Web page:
Extrinsic motivation can be an effective method of persuasion when used in moderation.

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We’ve all been motivated by external rewards at some point in our lives — from getting stickers for successful potty training as a kid to participating in a survey in exchange for a gift card as an adult.

Whatever incentives you’ve been driven by, this type of reward-based behavior is referred to as extrinsic motivation. It’s a psychological concept that can promote positive outcomes.

The theory of extrinsic motivation suggests that an individual is recognized for their positive behavior or effort with a reward.

This reward can be either tangible (something physical, like money or gold stars) or intangible (something psychological, like praise or encouragement).

Extrinsic motivation is a form of operant conditioning. This is when a new behavior is learned by the consequence of another behavior.

As such, extrinsic motivation is a learning tool to help people achieve desired behaviors. Similar to classical conditioning, you can use operant conditioning to teach someone how to avoid negative consequences.

Extrinsic motivation works by stimulating the brain’s reward system. This triggers a release of the neurotransmitter dopamine once the desired behavior is completed and the reward is attained.

While it can be an effective parenting tactic, extrinsic motivation extends to individuals of all ages.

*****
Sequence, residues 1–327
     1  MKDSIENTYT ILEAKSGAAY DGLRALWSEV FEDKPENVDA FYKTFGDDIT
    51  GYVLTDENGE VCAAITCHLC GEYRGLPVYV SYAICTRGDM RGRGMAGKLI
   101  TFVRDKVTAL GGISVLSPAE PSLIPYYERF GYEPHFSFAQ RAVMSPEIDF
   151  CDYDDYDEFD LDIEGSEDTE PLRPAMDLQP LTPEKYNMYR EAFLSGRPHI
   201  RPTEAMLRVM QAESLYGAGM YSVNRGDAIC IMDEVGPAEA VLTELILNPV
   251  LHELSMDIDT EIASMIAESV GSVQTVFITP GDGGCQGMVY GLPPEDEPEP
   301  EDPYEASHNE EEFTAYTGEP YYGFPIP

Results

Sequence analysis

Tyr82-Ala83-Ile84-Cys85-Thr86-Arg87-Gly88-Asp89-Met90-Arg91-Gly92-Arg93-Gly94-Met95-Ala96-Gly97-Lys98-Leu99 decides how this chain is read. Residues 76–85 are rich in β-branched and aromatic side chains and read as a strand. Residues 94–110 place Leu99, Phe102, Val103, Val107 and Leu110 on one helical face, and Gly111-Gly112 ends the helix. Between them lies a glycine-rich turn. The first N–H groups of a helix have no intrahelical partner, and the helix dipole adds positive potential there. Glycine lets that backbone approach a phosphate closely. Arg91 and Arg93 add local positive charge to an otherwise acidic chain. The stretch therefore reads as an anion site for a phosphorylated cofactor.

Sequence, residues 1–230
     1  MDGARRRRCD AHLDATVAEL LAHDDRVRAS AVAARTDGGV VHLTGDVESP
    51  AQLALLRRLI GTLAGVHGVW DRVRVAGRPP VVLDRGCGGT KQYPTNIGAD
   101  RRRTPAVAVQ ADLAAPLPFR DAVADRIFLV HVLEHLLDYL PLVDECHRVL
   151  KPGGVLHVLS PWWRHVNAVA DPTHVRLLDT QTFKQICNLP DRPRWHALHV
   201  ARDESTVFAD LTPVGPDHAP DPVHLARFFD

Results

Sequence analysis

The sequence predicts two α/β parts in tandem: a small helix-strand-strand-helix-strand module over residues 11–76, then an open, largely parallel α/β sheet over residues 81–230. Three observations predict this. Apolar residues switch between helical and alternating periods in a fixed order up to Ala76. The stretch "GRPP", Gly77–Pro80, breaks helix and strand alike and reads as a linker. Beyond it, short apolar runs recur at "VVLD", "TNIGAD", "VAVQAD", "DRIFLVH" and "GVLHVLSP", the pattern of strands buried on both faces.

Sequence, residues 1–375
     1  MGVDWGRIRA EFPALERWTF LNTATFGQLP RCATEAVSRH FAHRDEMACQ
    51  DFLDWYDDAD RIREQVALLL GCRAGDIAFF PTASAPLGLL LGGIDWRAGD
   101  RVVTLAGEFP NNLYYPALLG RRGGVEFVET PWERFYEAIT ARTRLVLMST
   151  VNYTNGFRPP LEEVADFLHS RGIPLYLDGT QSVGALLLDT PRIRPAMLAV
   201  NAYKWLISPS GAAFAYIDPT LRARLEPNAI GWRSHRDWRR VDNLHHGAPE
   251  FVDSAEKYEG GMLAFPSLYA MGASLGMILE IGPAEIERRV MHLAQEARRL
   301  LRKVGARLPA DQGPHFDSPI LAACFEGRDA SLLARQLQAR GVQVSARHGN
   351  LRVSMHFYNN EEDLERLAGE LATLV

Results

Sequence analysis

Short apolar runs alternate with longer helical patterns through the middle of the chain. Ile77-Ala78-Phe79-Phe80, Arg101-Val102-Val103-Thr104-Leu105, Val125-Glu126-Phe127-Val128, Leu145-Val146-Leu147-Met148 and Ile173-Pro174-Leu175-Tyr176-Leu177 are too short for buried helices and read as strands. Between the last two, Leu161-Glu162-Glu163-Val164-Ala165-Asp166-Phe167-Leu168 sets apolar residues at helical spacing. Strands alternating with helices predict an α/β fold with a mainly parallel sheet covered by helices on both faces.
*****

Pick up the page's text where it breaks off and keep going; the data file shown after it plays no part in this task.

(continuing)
Here are some examples:

  • A young child who eats vegetables is rewarded with dessert.
  • A college student who earns good grades can keep their athletic scholarship.
  • A professional adult who goes above and beyond what’s required for their job receives a promotion.

By definition, extrinsic motivation uses external factors to encourage behavior.

Intrinsic motivation is also reward-driven, but it’s based on internal gratification versus external recognition.

For example, if cooking provides you with a deep sense of satisfaction, you’re intrinsically rewarded by your desire to cook your own meals. Intrinsic motivation is driving your impulse to cook because you find the activity of cooking personally fulfilling.

On the flip side, if you cook because you typically receive praise from others about how great your cooking is, you could be extrinsically motivated to cook, since acknowledgment from others makes you feel good about yourself and gives you a self-esteem boost.

The external recognition you receive elicits a positive psychological response in your brain’s reward system, even though praise itself is not a tangible reward.